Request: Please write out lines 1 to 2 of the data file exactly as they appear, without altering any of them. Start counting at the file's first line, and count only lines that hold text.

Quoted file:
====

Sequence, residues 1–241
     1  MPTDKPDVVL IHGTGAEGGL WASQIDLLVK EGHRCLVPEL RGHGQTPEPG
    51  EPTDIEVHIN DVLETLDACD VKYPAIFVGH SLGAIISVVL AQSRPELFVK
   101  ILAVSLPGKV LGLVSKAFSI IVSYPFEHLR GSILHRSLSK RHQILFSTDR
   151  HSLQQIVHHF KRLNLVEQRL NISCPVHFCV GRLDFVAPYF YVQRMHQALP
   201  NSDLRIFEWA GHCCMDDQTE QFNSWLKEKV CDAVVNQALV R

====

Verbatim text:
Sequence, residues 1–241
     1  MPTDKPDVVL IHGTGAEGGL WASQIDLLVK EGHRCLVPEL RGHGQTPEPG